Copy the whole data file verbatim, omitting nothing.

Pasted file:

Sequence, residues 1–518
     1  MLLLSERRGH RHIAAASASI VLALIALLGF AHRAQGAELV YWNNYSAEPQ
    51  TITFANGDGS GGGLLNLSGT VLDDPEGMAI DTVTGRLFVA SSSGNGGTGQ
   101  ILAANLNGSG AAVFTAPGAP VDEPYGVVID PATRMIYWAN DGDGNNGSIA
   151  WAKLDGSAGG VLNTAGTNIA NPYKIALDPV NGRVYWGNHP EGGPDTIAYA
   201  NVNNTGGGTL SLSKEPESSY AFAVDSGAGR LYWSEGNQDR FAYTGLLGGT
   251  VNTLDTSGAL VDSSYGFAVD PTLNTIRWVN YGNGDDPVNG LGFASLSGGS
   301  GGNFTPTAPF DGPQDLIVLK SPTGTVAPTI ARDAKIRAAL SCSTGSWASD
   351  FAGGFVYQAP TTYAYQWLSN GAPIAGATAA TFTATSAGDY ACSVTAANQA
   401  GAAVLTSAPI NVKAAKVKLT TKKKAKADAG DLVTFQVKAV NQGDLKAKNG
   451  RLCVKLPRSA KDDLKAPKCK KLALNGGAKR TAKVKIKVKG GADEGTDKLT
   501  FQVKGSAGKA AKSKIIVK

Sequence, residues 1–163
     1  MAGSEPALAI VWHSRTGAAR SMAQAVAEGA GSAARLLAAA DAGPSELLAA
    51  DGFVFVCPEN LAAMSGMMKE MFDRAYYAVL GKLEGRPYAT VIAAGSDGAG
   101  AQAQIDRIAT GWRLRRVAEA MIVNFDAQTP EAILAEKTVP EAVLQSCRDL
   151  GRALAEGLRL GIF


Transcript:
Sequence, residues 1–518
     1  MLLLSERRGH RHIAAASASI VLALIALLGF AHRAQGAELV YWNNYSAEPQ
    51  TITFANGDGS GGGLLNLSGT VLDDPEGMAI DTVTGRLFVA SSSGNGGTGQ
   101  ILAANLNGSG AAVFTAPGAP VDEPYGVVID PATRMIYWAN DGDGNNGSIA
   151  WAKLDGSAGG VLNTAGTNIA NPYKIALDPV NGRVYWGNHP EGGPDTIAYA
   201  NVNNTGGGTL SLSKEPESSY AFAVDSGAGR LYWSEGNQDR FAYTGLLGGT
   251  VNTLDTSGAL VDSSYGFAVD PTLNTIRWVN YGNGDDPVNG LGFASLSGGS
   301  GGNFTPTAPF DGPQDLIVLK SPTGTVAPTI ARDAKIRAAL SCSTGSWASD
   351  FAGGFVYQAP TTYAYQWLSN GAPIAGATAA TFTATSAGDY ACSVTAANQA
   401  GAAVLTSAPI NVKAAKVKLT TKKKAKADAG DLVTFQVKAV NQGDLKAKNG
   451  RLCVKLPRSA KDDLKAPKCK KLALNGGAKR TAKVKIKVKG GADEGTDKLT
   501  FQVKGSAGKA AKSKIIVK

Sequence, residues 1–163
     1  MAGSEPALAI VWHSRTGAAR SMAQAVAEGA GSAARLLAAA DAGPSELLAA
    51  DGFVFVCPEN LAAMSGMMKE MFDRAYYAVL GKLEGRPYAT VIAAGSDGAG
   101  AQAQIDRIAT GWRLRRVAEA MIVNFDAQTP EAILAEKTVP EAVLQSCRDL
   151  GRALAEGLRL GIF